Biggest ever apatosaurus discovery in Colorado


This video is called Origami Dinosaur: APATOSAURUS.

From the Grand Junction Free Press in the USA:

Record dinosaur bone found in Colorado quarry

By Brittany Markert

07/21/2014 12:01:00 AM MDT

Rabbit Valley’s Mygatt-Moore quarry is home to hundreds of fossils left behind by dinosaurs and extinct sea creatures. Its most notable recent find was a 6-foot-7-inch-long, 2,800-pound apatosaurus femur.

That is the largest apatosaurus ever found anywhere, said Dinosaur Journey curator of paleontology Julia McHugh.

It is a groundbreaking discovery because it belonged to a beast likely 80 to 90 feet long, which is 15 to 25 feet longer than average, she said.

After five summers of work excavating the dinosaur leg bone, it was lifted Thursday morning from the quarry outside Grand Junction near the Utah border. A crew of experts led by the Museum of Western Colorado’s Dinosaur Journey Museum oversaw the excavation.

“It’s funny that it was discovered from a small piece exposed about the size of a pancake,” volunteer Dorthy Stewart said.

The creature ordinarily grew up to 69 feet long and ate plants.

According to the National Park Service, “You may have heard it referred to by its scientifically incorrect name, Brontosaurus. This sauropod (long-necked dinosaur) was discovered and named Apatosaurus, or ‘false lizard,’ because of its unbelievably large size. After Apatosaurus was named, other sauropod specimens were named Brontosaurus. It was later determined that both names actually referred to the same animal, Apatosaurus.”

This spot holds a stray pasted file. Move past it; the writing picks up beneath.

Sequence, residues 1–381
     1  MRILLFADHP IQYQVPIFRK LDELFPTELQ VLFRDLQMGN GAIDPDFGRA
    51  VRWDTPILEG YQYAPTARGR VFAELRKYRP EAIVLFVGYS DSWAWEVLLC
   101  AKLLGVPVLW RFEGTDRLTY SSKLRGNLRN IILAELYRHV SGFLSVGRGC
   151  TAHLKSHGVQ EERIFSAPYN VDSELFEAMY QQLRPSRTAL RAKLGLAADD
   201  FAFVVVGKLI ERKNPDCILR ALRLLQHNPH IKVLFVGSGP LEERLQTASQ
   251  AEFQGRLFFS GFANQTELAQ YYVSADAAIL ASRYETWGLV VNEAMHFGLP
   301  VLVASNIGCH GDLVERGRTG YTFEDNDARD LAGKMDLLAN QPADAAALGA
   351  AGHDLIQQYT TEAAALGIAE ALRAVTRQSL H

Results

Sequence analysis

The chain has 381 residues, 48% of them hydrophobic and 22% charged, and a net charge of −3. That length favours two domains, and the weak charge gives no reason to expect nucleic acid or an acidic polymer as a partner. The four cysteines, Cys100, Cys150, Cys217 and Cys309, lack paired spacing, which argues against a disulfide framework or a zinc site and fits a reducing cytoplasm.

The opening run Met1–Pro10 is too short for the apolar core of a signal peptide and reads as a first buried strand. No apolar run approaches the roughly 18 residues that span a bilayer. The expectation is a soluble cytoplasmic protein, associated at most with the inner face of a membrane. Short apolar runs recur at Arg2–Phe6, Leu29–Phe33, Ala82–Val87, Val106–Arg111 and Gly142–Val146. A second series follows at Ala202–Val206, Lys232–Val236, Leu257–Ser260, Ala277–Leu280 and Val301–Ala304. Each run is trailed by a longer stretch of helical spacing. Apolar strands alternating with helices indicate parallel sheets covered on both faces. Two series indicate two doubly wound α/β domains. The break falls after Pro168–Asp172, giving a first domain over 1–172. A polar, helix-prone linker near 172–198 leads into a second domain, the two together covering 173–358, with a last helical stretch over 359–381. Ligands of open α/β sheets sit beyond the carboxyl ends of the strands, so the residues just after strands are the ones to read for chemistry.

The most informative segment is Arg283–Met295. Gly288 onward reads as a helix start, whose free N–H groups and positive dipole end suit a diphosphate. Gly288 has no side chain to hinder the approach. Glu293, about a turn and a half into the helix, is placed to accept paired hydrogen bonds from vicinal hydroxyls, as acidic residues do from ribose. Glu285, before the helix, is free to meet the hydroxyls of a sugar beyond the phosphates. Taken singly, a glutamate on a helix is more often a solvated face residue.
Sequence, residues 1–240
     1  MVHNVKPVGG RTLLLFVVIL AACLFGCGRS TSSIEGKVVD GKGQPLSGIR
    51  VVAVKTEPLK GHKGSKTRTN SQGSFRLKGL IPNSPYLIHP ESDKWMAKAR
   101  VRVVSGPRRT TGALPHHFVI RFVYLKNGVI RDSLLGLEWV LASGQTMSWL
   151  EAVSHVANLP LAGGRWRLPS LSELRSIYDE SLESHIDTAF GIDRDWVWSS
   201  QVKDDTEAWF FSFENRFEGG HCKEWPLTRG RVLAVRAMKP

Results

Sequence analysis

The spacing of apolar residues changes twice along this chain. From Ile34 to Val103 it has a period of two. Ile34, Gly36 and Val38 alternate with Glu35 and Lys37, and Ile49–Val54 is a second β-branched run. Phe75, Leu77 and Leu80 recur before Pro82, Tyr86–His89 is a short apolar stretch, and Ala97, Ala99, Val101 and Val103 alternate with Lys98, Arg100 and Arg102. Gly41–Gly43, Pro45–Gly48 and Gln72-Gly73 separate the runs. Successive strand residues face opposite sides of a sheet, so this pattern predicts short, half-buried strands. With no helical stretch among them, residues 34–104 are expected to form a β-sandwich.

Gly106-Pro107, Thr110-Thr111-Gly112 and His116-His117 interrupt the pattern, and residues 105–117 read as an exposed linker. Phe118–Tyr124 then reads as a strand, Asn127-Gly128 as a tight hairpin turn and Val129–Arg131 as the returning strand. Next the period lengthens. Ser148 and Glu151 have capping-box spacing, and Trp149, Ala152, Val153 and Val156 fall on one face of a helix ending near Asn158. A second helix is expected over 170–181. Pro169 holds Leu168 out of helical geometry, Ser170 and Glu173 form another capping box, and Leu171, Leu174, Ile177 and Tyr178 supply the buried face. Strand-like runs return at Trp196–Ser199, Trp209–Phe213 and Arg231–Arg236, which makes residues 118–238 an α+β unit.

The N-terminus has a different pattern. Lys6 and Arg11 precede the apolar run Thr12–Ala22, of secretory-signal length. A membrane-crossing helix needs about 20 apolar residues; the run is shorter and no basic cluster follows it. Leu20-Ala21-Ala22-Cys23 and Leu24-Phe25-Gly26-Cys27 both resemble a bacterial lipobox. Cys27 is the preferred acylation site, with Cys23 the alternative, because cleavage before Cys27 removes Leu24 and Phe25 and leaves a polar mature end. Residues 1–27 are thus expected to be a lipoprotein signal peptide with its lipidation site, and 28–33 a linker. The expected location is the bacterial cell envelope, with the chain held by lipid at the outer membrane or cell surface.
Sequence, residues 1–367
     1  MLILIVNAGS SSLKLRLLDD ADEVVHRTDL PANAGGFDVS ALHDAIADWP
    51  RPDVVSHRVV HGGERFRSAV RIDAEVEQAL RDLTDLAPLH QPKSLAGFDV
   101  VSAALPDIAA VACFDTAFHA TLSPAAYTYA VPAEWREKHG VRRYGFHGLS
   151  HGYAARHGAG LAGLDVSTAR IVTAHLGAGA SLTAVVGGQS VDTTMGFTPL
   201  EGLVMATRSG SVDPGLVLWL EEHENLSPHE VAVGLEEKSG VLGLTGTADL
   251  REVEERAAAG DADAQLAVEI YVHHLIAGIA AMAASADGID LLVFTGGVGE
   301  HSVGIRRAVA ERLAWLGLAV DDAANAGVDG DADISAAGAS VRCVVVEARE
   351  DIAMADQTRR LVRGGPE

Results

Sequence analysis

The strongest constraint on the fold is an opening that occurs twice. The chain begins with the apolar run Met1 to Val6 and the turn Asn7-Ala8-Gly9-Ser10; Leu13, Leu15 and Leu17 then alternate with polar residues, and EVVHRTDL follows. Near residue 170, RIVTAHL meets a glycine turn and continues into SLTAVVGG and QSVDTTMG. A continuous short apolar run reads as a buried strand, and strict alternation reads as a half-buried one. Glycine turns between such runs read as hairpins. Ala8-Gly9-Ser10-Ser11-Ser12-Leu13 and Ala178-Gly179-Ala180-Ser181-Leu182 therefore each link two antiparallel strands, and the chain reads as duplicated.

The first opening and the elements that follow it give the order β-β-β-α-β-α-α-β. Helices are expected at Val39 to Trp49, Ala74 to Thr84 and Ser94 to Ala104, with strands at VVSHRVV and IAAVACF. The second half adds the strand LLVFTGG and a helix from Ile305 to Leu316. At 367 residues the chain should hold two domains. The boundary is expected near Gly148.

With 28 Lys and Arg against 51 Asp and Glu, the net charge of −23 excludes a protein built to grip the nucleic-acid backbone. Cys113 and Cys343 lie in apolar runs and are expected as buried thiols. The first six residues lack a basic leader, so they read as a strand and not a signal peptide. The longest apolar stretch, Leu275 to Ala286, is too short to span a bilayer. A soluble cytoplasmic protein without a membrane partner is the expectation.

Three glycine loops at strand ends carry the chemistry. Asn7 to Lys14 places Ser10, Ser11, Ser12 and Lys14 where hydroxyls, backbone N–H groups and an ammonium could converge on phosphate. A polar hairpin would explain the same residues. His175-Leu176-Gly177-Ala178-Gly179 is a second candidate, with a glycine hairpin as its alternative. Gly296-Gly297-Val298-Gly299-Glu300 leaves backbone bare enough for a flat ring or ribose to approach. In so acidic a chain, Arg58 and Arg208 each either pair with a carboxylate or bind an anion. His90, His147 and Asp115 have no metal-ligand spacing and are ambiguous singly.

United States amphibians declining


This video, recorded in Colorado, USA is called Metamorphosis: Amphibian Nature Documentary.

From Wildlife Extra:

U.S. amphibian populations declining at precipitous rates

Study shows amphibians declining fast, even in protected areas

May 2013. The first-ever estimate of how fast frogs, toads and salamanders in the United States are disappearing from their habitats reveals they are vanishing at an alarming and rapid rate.

According to the study released in the scientific journal PLOS ONE, even the species of amphibians presumed to be relatively stable and widespread are declining. And these declines are occurring in amphibian populations everywhere, from the swamps in Louisiana and Florida to the high mountains of the Sierras and the Rockies.

Significant declines even in protected national parks and wildlife refuges

The study by USGS scientists and collaborators concluded that U.S. amphibian declines may be more widespread and severe than previously realized, and that significant declines are notably occurring even in protected national parks and wildlife refuges.

“Amphibians have been a constant presence in our planet’s ponds, streams, lakes and rivers for 350 million years or so, surviving countless changes that caused many other groups of animals to go extinct,” said USGS Director Suzette Kimball. “This is why the findings of this study are so noteworthy; they demonstrate that the pressures amphibians now face exceed the ability of many of these survivors to cope.”

Decline of 3.7% per year